Question: How do I delete and remove old unused websites and the associated passwords? I’m trying to clean up my passwords.
– Sam D.
Answer: It must be spring cleaning time! Your question makes an excellent follow-up to last week’s question from Reader Marianne K. on freeing up hard disk storage. As usual, some background first. Your answer follows, Sam.
There was a time when the necessity to enter a password to access a website was pretty much limited to the sites for banks and credit cards. These days it seems like every site is offering a tailored experience, backed-up by a user account that requires a password. In response to that trend, browser manufacturers have included the ability to learn and remember the usernames and passwords that you use to access any given site. This is something akin to a poor man’s password manager, but unlike dedicated password manager software, browsers don’t really do any management with them. They simply remember them and regurgitate them on demand. But, as Sam has discovered, when it comes to sites that you don’t use anymore, or that you might have signed-up for, then decided you didn’t like, the access information stored in the browser never goes away. Obsolete information should be removed for several reasons, not the least of which is to stop the list from growing to unmanageable proportions.
So, we’ve established why cleaning out old account information is a good idea. The real question — Sam’s question — is how to do it. Well, seeing as the account data is stored by the browser software, it follows that the answer is specific to whichever browser you use. I can’t possibly cover the procedures for every possible browser in the limited space of this column, and Sam forgot to mention which browser he uses anyway, so we’ll have to settle for procedures for the heavy hitters among today’s available browser titles: Microsoft Edge, and Google Chrome.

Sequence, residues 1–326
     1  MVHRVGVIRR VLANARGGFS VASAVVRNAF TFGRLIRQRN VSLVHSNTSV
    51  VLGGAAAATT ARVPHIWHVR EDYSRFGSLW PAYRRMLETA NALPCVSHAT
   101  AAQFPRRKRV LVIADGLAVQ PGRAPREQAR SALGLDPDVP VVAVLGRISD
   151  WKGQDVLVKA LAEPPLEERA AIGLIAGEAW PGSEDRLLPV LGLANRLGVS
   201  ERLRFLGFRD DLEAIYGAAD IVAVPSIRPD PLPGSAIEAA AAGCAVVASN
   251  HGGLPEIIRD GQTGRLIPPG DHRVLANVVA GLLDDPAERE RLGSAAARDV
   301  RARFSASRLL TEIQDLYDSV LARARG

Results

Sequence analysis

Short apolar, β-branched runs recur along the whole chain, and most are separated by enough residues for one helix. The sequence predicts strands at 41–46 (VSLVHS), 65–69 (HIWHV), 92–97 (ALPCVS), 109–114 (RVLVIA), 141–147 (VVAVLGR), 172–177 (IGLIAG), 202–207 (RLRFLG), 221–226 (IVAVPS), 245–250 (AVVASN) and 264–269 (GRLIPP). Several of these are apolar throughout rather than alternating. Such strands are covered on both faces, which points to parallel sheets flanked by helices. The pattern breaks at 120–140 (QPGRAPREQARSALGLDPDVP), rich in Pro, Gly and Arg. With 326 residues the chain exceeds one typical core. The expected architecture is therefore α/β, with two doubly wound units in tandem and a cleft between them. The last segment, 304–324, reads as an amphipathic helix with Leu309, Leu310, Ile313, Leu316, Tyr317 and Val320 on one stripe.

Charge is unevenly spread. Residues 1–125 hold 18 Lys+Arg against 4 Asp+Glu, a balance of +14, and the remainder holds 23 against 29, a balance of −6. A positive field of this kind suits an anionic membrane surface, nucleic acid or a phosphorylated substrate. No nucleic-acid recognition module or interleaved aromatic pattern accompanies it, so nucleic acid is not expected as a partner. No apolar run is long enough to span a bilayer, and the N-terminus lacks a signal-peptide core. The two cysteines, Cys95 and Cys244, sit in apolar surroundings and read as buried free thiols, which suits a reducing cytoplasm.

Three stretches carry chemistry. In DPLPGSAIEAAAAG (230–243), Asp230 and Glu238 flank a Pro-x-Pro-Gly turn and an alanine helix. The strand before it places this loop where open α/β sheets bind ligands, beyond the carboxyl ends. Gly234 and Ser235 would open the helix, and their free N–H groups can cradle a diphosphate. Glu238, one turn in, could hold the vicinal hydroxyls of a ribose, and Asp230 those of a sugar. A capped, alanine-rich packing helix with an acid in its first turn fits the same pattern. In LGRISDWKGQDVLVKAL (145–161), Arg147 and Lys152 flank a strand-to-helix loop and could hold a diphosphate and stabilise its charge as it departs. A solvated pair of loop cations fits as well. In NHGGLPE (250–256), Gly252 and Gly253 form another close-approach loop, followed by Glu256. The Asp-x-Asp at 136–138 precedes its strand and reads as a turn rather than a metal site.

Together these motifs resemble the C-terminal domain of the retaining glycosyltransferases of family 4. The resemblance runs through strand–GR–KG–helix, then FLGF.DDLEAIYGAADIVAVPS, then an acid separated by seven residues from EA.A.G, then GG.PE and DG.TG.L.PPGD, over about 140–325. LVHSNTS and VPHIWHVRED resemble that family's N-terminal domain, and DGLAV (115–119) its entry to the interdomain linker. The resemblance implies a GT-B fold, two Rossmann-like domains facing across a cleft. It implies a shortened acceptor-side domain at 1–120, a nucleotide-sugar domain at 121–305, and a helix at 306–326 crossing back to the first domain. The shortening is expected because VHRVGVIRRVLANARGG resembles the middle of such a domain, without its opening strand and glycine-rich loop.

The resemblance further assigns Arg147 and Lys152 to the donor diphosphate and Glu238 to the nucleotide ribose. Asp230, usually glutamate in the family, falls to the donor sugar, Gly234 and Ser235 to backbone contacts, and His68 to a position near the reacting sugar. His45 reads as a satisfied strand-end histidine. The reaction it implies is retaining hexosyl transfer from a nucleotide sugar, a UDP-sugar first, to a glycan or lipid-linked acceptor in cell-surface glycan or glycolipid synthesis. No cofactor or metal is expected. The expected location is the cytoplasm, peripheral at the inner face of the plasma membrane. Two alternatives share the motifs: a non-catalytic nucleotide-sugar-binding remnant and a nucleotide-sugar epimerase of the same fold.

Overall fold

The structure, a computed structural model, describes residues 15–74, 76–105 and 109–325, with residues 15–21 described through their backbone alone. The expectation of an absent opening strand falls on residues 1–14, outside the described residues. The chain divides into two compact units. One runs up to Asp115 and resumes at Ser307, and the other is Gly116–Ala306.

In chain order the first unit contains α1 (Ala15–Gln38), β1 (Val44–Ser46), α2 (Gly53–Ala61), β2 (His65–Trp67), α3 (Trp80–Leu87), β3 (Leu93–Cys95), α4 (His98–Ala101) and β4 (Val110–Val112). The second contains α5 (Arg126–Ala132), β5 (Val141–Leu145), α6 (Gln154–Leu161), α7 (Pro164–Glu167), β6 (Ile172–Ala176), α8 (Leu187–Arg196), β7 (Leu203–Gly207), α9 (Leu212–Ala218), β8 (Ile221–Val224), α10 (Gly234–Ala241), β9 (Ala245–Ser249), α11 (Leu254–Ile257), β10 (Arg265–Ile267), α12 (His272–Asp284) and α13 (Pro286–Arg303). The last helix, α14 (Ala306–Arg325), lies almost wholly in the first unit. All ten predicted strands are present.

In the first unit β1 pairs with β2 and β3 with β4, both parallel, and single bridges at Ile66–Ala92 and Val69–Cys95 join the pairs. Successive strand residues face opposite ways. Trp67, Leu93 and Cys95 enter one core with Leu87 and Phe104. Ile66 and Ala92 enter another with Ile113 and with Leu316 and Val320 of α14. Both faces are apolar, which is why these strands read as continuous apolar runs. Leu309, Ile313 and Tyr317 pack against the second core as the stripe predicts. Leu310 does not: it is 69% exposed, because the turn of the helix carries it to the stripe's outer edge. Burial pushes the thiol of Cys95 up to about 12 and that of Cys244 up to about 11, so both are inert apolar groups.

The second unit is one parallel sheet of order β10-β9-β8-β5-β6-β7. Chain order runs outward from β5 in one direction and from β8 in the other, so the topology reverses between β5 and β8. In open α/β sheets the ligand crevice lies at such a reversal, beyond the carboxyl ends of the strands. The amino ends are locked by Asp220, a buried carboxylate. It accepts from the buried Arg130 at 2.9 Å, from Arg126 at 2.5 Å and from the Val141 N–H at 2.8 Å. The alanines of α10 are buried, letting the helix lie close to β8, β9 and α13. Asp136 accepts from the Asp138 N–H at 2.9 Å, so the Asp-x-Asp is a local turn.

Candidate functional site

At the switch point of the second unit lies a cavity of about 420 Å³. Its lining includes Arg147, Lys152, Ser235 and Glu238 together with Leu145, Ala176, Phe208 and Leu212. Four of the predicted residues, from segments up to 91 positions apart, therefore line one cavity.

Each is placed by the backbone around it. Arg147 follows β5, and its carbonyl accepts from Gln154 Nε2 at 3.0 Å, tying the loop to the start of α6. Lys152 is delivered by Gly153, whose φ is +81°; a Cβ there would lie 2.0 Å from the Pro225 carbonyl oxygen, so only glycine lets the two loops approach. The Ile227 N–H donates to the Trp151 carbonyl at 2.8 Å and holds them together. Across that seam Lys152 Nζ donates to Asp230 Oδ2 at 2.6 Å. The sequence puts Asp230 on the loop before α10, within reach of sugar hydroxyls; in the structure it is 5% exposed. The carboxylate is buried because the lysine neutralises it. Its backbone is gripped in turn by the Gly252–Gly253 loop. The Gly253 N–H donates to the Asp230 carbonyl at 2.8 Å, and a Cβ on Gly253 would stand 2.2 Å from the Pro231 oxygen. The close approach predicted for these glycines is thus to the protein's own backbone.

Let’s start with Edge. First, run the browser, and click the three dots icon in the upper-right corner. Near the bottom of the menu, you’ll see the “Settings” entry, accompanied by a gear icon. Click it. Within the browser window, Edge will display the “Your profile” settings window. Click on “Passwords” to see all the accounts and passwords currently stored by Edge. By design, the passwords are masked to prevent inadvertent exposure. You can click the little eyeball icon to view individual passwords, but you’ll need to provide Microsoft credential information for the first one. You can edit or delete individual passwords by clicking the three-dots button adjacent to any given password, or you can perform a bulk delete by using the selection boxes to the left. Edge saves your changes as you go, so try as you might, you won’t find an “OK” button.
The procedure is very similar for Google Chrome. Again, start with the browser running. There is a three-dots button in the upper-right corner of Chrome also, but for some reason the dots are oriented vertically, where Edge’s are horizontal. If there’s some grand cosmic significance in the orientation, I’m afraid it’s lost on this Geek. Click the button and select “Settings” from the menu. Scroll down to the section labeled “Autofill” and click on “Passwords”. You can remove any passwords you want by clicking the three dots button and selecting “Remove Password”.
It’s well worth mentioning that both browsers have a feature that lets you know if the password for any site has been compromised, which means exposed or stolen during a data breach. You should pay attention to these warnings, especially if you subscribe to the “it’s easier to remember my password if I use the same one for all sites” school of thought. Every warning you see represents someone out there online who has the ability to log in to the associated website using your credentials. If that doesn’t scare you, then I’m afraid that none of the warnings I’m always giving are going to help you. Just do yourself a favor and change the affected passwords.
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